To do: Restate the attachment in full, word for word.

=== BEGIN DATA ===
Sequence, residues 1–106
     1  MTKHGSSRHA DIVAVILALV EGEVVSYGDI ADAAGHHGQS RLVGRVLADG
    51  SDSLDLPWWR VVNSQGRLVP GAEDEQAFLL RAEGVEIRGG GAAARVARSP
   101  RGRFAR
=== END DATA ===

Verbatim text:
Sequence, residues 1–106
     1  MTKHGSSRHA DIVAVILALV EGEVVSYGDI ADAAGHHGQS RLVGRVLADG
    51  SDSLDLPWWR VVNSQGRLVP GAEDEQAFLL RAEGVEIRGG GAAARVARSP
   101  RGRFAR